In the meditation taught in the original Buddhist scriptures, the mind stays with the breath & free from thought.
In the original Buddhist scriptures, there is no 'shift' when vipassana is practised. Instead, calmness (samatha) & insight (vipassana) are developed simultaneously. The scriptures state:
These two qualities occur in tandem: tranquillity & insight.
In the original Buddhist scriptures, the term 'vipassana' refers to the 'clear seeing' of the impermanent (anicca), unsatisfactory (dukkha) & not-self (anatta) characteristics of the five aggregates (body/breathing; feeling sensation; perception; thought/mood; sense consciousness).
For example, the breath arises & passes continually; a breath appears & disappears; a new breath appears, then disappears; another breath appears then disappears. To see/experience clearly impermanence of breathing is vipassana.
To see clearly that it is the physical body that breathes (rather than the 'self' or 'I' that breathes) is also vipassana of 'not-self' in relation to breathing.
'Unsatisfactoriness' means to see that because X breath & Y breath is impermanent; that breath cannot form the basis of or be relied on for lasting happiness (due to its fleeting impermanent nature). It can also mean the impermanent nature of a breath, if clung to, will lead to suffering.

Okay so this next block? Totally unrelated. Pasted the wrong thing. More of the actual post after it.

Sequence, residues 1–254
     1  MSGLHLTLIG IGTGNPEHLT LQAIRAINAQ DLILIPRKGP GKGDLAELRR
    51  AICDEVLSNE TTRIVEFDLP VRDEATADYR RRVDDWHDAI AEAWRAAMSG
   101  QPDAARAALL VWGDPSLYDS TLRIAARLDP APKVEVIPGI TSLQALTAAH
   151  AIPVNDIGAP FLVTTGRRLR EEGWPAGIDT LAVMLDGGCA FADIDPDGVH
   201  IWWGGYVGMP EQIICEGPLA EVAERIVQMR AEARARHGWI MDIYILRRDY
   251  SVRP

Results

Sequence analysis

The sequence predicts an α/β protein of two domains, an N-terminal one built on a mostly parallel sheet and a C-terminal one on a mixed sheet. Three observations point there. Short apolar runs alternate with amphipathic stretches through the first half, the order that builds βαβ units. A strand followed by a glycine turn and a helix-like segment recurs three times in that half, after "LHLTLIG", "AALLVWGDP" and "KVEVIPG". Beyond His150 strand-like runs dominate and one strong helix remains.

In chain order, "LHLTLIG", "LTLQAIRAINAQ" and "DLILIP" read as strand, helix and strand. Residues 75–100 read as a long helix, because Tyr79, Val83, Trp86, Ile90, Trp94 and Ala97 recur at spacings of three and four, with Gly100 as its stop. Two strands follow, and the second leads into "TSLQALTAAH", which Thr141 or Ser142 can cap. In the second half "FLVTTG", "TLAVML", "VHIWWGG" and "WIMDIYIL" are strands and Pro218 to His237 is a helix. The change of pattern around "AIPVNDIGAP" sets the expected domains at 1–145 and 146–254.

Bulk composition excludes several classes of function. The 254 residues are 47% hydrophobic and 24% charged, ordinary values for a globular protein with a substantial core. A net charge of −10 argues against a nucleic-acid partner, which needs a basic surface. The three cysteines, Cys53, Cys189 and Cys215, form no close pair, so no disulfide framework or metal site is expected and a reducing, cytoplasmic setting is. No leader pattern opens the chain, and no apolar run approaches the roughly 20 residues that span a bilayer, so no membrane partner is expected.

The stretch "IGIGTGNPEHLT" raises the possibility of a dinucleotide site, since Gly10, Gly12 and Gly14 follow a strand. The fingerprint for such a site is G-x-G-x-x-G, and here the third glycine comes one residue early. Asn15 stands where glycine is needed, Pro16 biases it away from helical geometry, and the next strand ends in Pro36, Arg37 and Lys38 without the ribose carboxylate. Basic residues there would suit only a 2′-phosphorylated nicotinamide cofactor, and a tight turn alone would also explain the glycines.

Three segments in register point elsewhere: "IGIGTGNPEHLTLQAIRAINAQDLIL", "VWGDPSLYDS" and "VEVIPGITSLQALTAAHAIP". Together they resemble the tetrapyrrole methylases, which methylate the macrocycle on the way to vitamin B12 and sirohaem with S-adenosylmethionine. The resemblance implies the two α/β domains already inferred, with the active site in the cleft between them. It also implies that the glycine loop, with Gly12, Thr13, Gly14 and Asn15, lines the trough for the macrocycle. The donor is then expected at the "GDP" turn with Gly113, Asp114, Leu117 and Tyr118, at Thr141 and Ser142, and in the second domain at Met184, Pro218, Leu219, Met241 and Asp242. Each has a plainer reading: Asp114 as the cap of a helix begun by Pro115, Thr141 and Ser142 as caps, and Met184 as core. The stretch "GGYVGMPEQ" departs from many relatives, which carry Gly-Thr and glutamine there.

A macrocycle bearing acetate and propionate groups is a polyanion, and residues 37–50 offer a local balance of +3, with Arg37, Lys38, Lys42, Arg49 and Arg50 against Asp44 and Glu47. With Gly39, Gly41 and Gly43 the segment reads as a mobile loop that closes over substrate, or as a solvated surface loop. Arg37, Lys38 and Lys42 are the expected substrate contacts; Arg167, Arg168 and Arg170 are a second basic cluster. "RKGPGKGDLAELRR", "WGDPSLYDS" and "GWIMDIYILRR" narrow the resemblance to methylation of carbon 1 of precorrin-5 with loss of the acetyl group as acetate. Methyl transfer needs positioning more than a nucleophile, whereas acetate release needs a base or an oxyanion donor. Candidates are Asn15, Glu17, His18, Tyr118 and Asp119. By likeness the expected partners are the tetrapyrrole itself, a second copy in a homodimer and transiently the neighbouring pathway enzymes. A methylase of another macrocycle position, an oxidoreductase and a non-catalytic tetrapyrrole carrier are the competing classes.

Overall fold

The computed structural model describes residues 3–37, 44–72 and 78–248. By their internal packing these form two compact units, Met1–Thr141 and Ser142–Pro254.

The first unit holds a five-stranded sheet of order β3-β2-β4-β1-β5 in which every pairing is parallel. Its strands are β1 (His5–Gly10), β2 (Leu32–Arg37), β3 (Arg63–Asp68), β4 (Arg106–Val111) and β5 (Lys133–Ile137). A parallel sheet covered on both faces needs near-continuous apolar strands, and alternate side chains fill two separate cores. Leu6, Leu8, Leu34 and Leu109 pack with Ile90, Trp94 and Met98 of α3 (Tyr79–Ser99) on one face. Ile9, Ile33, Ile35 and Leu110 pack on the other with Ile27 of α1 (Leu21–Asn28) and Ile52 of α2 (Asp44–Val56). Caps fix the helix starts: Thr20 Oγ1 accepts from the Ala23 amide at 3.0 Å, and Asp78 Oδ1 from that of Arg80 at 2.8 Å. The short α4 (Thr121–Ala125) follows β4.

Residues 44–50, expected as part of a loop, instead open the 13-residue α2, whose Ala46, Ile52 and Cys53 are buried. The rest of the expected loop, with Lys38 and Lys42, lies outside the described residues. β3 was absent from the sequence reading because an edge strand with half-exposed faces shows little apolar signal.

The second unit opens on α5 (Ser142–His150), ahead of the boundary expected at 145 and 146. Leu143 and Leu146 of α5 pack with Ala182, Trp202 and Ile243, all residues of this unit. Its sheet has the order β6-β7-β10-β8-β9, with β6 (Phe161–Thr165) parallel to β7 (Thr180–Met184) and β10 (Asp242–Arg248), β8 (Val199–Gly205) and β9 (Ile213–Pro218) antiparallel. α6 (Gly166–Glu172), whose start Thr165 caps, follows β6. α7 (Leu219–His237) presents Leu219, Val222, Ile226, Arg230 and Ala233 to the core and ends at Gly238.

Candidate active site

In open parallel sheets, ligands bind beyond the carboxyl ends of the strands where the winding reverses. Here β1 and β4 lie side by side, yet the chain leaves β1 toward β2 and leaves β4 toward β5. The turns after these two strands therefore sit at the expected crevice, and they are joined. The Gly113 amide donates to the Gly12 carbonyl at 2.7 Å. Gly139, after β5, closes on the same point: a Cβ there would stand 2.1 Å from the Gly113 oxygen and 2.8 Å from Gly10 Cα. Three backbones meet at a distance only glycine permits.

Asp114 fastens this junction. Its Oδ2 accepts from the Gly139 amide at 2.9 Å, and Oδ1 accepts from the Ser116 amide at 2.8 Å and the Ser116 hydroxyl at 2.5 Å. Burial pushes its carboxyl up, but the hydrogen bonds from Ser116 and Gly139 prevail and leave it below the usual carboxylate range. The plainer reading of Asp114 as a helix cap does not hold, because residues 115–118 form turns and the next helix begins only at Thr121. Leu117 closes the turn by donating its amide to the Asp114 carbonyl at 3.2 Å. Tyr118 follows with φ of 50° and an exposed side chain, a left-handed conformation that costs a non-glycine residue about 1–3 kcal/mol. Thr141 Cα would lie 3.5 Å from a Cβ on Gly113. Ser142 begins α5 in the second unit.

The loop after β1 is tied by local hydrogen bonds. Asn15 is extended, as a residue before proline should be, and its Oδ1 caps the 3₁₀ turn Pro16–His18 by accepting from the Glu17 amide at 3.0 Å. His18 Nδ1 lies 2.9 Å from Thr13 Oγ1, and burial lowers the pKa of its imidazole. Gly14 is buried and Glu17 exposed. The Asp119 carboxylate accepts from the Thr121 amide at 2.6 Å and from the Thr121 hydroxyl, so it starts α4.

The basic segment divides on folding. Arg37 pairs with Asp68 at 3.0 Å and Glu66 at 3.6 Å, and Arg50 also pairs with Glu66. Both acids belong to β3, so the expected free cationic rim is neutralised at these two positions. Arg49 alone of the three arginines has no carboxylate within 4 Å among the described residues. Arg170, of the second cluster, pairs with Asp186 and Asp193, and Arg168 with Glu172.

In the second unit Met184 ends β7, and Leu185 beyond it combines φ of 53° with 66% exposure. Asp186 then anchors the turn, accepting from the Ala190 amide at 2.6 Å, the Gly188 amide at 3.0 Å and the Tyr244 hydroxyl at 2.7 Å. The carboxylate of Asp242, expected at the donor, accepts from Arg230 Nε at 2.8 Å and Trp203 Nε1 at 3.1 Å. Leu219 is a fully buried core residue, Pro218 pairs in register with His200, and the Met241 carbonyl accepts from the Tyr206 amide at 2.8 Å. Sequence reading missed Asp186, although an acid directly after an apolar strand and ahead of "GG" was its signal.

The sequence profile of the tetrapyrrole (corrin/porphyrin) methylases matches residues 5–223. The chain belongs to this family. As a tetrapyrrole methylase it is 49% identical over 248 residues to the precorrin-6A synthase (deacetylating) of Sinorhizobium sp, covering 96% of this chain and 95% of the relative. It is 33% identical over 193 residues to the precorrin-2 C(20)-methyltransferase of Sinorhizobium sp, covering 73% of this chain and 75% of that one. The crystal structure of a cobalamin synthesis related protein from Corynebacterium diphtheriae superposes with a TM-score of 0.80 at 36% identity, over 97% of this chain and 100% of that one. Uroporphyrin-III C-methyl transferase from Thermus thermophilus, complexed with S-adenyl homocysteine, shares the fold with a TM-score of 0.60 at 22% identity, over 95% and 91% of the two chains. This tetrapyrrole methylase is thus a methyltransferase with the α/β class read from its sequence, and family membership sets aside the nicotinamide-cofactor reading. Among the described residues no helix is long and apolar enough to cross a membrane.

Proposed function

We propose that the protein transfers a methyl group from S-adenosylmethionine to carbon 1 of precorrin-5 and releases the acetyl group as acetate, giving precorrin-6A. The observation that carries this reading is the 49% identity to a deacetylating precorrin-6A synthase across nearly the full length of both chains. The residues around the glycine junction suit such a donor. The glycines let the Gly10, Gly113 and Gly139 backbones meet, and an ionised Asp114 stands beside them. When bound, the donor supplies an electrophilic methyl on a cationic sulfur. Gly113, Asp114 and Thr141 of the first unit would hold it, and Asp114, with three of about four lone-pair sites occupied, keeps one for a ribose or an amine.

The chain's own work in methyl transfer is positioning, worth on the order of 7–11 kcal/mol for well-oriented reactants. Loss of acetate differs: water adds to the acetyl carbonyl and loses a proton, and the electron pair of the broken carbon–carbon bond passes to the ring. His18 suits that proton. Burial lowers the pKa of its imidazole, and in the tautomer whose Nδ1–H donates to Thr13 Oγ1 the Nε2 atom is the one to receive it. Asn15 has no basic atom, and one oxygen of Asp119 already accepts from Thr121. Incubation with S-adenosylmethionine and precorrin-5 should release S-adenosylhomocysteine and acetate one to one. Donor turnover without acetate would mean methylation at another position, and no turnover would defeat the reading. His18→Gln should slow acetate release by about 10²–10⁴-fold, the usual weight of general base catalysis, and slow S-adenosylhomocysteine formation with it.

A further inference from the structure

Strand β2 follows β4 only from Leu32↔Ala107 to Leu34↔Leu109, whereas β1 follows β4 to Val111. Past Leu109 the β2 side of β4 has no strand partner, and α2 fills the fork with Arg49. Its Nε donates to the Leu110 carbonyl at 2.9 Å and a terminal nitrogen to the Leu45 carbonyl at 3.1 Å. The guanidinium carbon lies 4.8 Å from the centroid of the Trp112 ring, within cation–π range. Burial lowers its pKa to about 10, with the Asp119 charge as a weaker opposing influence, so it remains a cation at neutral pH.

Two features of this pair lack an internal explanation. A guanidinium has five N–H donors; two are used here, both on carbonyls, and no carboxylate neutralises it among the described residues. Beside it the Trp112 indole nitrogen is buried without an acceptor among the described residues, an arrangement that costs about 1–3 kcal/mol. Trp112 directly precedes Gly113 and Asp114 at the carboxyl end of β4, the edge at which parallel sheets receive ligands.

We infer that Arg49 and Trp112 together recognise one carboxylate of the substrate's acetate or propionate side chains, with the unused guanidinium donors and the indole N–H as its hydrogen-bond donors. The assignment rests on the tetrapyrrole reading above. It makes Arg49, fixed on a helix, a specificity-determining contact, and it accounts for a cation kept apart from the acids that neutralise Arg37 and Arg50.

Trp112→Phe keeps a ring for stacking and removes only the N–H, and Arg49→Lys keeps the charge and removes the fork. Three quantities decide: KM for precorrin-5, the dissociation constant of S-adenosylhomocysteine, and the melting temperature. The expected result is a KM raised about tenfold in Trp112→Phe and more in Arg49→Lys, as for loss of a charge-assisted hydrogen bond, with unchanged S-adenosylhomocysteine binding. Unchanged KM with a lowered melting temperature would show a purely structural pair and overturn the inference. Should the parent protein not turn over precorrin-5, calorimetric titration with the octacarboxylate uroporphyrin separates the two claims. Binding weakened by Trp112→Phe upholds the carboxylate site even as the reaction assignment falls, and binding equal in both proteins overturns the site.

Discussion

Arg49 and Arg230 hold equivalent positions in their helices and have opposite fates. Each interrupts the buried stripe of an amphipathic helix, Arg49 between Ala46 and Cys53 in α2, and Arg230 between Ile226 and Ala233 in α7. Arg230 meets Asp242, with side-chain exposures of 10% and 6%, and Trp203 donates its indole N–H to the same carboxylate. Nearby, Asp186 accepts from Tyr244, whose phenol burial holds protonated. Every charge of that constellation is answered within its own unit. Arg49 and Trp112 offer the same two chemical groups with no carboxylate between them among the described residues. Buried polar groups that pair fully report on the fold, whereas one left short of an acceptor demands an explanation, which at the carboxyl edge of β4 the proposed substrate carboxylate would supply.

The ordinary distracting thoughts the mind has are not really suitable for vipassana because they actually diminish awareness, clarity & discernment of the mind.
For the mind to practise effective 'vipassana' in relation to thought (sankhara aggregate), 'samadhi' (mental clarity & stability, aka 'concentration') must ideally be very developed & pure (empty).
Ultimately, true 'vipassana' is 'enlightenment'. It is very profound because it discerns the 'not-self' nature of the five aggregates.
Believing 'you' are observing 'your thoughts' or thinking 'my thoughts' are impermanent is not really vipassana because vipassana sees 'not-mine' or 'not-yours' (anatta) rather than 'my' or 'yours'.
To conclude, categorizing the thought (like "planning the future" or "reliving the past") and then return to the breath is the right method according to the original scriptures.
You shouldn't chase after the past or place expectations on the future. What is past is left behind. The future is as yet unreached.
Whatever phenomena/truth (dhamma) is present you clearly see right there,
right there. Not taken in, unshaken, that's how you develop the heart.